The May 4th Movement of 1919 is a bas-relief by Hua Tianyou, carved into the The Monument to the People’s Heroes, located in the Tiananmen Square. The monument is made mostly out of granite and marble, and is 124.5ft tall, which overshadows the Forbidden City when seen from the front. This monument consists of three parts, the words “Eternal Glory to the People’s Heroes” written in Mao Zedong’s characters in the front, an epitaph in the back drafted by Mao and written in Zhou Enlai’s beautiful calligraphy engraved in gold to commemorate the fallen martyrs of the revolution, and beneath it, eight huge bas-reliefs portraying eight major revolutionary episodes in chronological order. Premier Zhou Enlai took a personal interest in this project, and with his group of architects, sculptors, and historians, made this piece into a perfection. From a political standpoint, this monument is much more than a communist monument, but rather an indication of a turning point, remembering the past and moving on to a bright future that Mao has built .Later on, served as the center for large-scale mournings, such as the deaths of Zhou Enlai and Hu Yaobang, which eventually sparked the anti-communist Tiananmen Square protests, thus becoming the center of the anti-communist movements.

The bas-relief that Hua Tianyou worked on depicts the events of the May 4th movement, which was an anti-imperialist movement that students of the University of Beijing started.This eventually resulted in the abdication of the emperor, and thus the fall of the Qing dynasty. Hua’s bas-relief carving consists of 25 students in midst of the protest, with one of them wearing a gown and standing on a low stool, possibly preaching the wrongdoings of what the Qing government did in the Treaty of Versaille. Encircling him are several students calling for support and distributing leaflets and curious students avidly listening to the preacher. Female figures in this bas-relief plays a huge role in which it emphasizes the fact that women also took part in this movement, depicting that they are as enthusiastic with their male counterparts and also breaking away from their traditional roles. The entrance to the Forbidden City in the background, to make the bas-relief more lively, shows the viewers that the event took place where the viewer is standing, allowing them to feel history at first hand.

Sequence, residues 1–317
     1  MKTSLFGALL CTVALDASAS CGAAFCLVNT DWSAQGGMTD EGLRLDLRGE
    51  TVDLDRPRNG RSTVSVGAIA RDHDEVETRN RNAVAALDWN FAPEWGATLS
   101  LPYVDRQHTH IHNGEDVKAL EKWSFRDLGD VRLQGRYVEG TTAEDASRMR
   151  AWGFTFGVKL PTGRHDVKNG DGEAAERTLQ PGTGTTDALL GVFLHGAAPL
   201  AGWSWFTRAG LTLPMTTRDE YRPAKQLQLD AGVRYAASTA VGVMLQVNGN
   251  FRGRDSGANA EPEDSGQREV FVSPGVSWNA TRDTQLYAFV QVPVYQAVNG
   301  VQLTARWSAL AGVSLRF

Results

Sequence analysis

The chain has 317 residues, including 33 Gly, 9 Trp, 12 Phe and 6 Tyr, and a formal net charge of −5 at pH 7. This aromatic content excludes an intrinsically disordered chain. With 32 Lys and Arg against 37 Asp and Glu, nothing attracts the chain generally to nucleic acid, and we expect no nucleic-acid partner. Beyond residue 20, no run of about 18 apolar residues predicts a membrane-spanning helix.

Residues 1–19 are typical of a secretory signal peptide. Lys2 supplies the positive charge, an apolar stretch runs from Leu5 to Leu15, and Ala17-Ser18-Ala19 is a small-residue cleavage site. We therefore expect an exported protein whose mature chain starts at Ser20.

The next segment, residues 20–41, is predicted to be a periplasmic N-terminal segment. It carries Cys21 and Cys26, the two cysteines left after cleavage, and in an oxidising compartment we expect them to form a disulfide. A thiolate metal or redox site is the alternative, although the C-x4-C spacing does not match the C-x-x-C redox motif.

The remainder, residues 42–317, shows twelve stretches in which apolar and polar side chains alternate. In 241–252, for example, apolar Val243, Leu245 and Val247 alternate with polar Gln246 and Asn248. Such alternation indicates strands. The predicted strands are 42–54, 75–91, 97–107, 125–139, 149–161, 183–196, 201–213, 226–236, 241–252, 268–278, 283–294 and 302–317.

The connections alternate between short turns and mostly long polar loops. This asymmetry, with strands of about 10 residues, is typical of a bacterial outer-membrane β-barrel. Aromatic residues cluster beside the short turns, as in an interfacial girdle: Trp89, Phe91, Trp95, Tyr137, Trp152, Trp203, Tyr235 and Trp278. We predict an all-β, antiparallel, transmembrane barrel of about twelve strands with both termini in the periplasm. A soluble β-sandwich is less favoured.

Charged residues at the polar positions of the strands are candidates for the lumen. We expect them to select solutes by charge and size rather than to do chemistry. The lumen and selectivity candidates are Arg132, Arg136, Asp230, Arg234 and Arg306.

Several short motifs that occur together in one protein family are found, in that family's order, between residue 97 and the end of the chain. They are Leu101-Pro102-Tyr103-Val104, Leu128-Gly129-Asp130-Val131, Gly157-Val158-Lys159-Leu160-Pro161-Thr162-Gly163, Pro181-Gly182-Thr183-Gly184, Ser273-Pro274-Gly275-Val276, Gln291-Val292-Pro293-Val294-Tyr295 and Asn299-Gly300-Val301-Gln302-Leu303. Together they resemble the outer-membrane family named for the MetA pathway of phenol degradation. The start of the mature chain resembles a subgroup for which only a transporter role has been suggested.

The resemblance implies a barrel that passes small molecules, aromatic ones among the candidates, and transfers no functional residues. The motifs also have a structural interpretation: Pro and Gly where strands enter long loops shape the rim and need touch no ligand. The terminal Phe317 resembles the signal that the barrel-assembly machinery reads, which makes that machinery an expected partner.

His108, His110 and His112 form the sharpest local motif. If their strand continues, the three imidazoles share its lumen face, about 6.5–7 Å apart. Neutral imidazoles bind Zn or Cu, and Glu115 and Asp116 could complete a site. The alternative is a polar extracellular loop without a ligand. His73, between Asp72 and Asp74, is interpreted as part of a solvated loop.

Hung, C.-tai. (2017). Chapter 10: The Monument to the People’s Heroes. In Mao’s New World Political Culture in the early people’s republic. essay, Cornell University Press. 

Monument to the peoples heroes. Architectuul. (n.d.). Retrieved April 21, 2023, from https://architectuul.com/architecture/monument-to-the-peoples-heroes

Hua Tianyou

Hua Tianyou (1901-1986) was born in Huaiyin, Jiangsu Provice into a family of carpenters. Knowing his ability in art, he taught art as well as music at a secondary school after graduating college, but it was not until 1932 when he started pursuing art for his own sake. In 1932, Hua began going to Fine Arts School of Shanghai to study his passion, drawing and sculpting. Upon entering the school, Xu Beihong quickly found this sculptor prodigy and made Hua come with him to Paris for a Chinese painting exhibition there. Hua’s life chaning experiences started when he stayed in Paris and joined the studio of famed French Sculptor Henri Bouchard. Later on Hua entered National School of Fine Arts in Paris and multiple Salons where he won multiple awards. He came back to China 15 years later where he was appointed as a professor and a director of the sculpture department in National Academy of Art in Beijing. In 1952, Hua sculputed the May-fourth movement of 1919 into People’s Heroes Monument at Tian’anmen Square, which became his most famed work.

Though Hua left many drawings and paintings of mostly nude woman and male portraits, he is mostly remembered for pioneering in sculpture, where he successfully blended western style with a traditional Chinese style.

范针. (n.d.). Fusion of western and Chinese styles on display. Fusion of Western and Chinese styles on display[1]- Chinadaily.com.cn. Retrieved April 9, 2023, from https://www.chinadaily.com.cn/culture/art/2015-04/02/content_19981769.htm

Hua Tianyou (滑间友). Chineseposters.net. (n.d.). Retrieved April 9, 2023, from https://chineseposters.net/artists/huatianyou

Luka Iwaki

Hi my name is Luka Iwaki and I’m a history major. I fell in love with the history of China when I read Sima Qian’s The Records of the Grand Historian in grade seven. Ever since then, the Spring and Autumn period and the Warring States period became my primary interest, especially the castles and its structures. Jumping about 2 millennial later in the historical timeline, I never had the chance to learn about China’s history in the 20th century, so I’m very interested to learn about it through the perspective of art. My hobby these days are reading Haruki Murakami novels while listening to Mahler and Bruckner’s symphonies.

Powered by WordPress & Theme by Anders Norén

Skip to toolbar